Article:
Too Fat, Too Slutty, Too Loud: The Rise and Reign of Unruly Women by Anne Helen Petersen – Review

[A copy of this book was provided to me by Netgalley in return for an unbiased review.]

There’s no denying that when it comes to the way that women are perceived in the modern media, there’s a specific way that women are supposed to look/act. Usually, that specific way translates to “whatever men desire”, but in a President Trump world, society feels like it has taken a step backward or perhaps a giant leap when it comes to gender politics. In Too Fat, Too Slutty, Too Loud: The Rise and Reign of the Unruly Woman, Anne Helen Petersen outlines the different ways that women are criticized or ostracized. The features that tend to be focused on are ones that males would not be criticized for (or at least would be treated more mildly for).

From the very beginning, I was hooked. The first chapter focused in on Serena Williams and how her strength and her unwillingness to conform to the more delicate female norms within tennis were changing the game. Since Serena was someone I didn’t know much about, I found it fascinating to hear her story and explore the ways in which the media has not only been unkind, but actively unfair to her. Too Fat, Too Slutty, Too Loud doesn’t shy away from race or from calling out the even more hypocritical standards applied to women of colour.

Our first “unruly woman”, Serena Williams, serves to Roberta Vinci of Italy.

But as time went on, I felt the book dragging more for me. I had settled down for an intricately woven nonfiction journey and instead I came to find a set of longform essays. They were well-written longform essays, but it’s not a medium that lends itself to binge-reading.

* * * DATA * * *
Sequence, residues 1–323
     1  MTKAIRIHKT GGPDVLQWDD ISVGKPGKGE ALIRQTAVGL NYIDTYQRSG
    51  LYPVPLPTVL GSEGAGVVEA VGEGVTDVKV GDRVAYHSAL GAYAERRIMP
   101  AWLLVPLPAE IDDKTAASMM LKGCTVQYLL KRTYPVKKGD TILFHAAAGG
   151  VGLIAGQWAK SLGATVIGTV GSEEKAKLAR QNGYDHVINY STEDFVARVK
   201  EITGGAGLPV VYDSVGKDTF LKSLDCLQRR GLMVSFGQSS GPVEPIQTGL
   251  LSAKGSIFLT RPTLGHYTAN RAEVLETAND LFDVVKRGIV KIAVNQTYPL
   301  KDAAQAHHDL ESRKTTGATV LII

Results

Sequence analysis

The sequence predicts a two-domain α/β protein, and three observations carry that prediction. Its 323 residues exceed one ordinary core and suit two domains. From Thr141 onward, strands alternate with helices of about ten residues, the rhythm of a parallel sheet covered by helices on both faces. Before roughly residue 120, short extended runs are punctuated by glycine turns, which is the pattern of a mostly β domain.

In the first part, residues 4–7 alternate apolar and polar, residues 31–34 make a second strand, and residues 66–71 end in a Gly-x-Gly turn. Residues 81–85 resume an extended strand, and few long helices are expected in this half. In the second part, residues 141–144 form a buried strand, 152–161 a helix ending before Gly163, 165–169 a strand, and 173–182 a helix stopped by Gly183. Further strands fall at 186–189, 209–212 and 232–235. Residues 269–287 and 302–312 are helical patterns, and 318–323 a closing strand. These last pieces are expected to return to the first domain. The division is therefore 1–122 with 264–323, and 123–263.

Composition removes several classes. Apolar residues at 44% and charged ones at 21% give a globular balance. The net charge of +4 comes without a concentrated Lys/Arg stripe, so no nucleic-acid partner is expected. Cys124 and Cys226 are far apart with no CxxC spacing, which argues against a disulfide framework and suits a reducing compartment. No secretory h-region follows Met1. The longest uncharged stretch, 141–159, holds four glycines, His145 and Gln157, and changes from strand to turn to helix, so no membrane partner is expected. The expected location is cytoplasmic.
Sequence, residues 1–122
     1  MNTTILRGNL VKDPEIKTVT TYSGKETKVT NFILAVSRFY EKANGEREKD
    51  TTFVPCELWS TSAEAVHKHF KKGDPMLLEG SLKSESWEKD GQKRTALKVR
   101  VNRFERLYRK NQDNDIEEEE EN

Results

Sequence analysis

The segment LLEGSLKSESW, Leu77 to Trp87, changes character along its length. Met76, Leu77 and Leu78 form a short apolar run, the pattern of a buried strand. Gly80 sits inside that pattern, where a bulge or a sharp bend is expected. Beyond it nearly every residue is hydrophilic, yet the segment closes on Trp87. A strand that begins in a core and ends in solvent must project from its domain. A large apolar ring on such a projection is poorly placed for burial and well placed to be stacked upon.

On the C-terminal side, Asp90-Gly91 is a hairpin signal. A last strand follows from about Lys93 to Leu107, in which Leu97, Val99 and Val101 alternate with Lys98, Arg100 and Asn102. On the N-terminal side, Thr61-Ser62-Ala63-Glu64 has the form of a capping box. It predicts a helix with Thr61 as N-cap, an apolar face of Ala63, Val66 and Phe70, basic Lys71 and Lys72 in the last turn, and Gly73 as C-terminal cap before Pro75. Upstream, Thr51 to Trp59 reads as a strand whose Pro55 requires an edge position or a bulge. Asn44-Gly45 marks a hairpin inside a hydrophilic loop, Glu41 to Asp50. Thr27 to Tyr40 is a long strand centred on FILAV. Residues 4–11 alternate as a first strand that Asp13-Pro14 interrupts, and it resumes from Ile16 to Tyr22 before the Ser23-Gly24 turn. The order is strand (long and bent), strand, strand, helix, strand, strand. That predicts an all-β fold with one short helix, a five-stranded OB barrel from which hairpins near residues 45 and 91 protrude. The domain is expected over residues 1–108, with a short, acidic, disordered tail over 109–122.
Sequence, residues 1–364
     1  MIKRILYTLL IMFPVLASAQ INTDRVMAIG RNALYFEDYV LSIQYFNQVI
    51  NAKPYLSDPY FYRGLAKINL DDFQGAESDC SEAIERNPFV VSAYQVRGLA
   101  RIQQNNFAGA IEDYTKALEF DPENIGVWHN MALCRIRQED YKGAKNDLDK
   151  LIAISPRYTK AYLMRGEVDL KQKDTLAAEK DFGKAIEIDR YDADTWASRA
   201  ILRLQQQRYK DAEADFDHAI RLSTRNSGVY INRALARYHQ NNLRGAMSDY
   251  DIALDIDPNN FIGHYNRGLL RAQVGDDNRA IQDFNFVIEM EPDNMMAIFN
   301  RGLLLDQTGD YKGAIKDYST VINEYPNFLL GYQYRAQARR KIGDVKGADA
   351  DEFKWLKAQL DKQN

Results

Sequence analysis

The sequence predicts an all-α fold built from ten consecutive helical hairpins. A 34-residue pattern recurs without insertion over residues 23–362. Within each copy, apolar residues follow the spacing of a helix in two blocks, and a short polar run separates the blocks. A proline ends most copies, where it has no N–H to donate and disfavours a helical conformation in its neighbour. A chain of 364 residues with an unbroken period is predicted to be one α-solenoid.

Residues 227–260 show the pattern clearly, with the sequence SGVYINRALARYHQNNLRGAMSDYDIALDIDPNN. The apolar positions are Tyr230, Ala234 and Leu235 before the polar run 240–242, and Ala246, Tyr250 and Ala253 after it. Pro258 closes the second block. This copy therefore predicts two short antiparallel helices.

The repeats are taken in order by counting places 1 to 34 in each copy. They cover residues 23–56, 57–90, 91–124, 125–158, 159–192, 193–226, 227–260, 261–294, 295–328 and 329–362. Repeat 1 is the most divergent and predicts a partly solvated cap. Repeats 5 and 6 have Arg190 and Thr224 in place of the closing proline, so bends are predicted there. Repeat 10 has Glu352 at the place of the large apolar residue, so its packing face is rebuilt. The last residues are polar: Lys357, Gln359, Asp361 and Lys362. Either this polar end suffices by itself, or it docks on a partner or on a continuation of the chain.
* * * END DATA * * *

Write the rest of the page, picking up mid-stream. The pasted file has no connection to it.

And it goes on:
As time went on, I found myself noticing just how repetitive the chapters felt and getting worn down by them. Instead of finding the triumph in the unruly actions of the women featured, I found my energy floundering at the hurdles they had to face. It didn’t matter that at the end of the chapter, they would usually have overcome those hurdles. The moment of victory was too brief to be savoured and then we were on to the next set of roadblocks that had been set up in an unruly woman’s way.

I have to agree with Bri from Girl With A Book Blog when she concludes:

Because of how this felt like a series of long reads, I recommend reading each piece as a stand-alone and not concurrently. Set aside 20-30 mins to read a chapter and then come back to the book the next day to read the next standalone piece. Otherwise, it feels repetitive and the book as a whole becomes less shiny.

By the end of the book I felt like I was slogging my way through it and that’s not really Petersen’s fault. Once I had put the book down to come back to it later, it all felt more cohesive and inspiring than it had before.

Reading the book like I had also meant that I wasn’t in the best of moods when I reached the Caitlyn Jenner chapter of the novel. Whereas other chapters were celebratory and sometimes critical, Caitlyn Jenner’s chapter felt like it had a different tone. I’m not sure at this point if it’s my own wish that a different trans-woman had been chosen or if there really was a difference, but it was a chapter that almost felt out of place compared to the rest of them.

All in all, Too Fat, Too Slutty, Too Loud: The Rise and Reign of the Unruly Woman is well-written and enjoyable. However, it’s a dense read with a lot of information being thrown at you at once. So if you came into this because you thought it would read like Buzzfeed, this is not the book for you. Here, read this listicle about Chimamanda Ngozi Adichie sharing her wisdom with the masses (it’s amazing, I promise).

Read it one chapter at a time and you’ll enjoy it more.

Too Fat, Too Slutty, Too Loud: The Rise and Reign of the Unruly Woman

Leave a Reply

Your email address will not be published. Required fields are marked *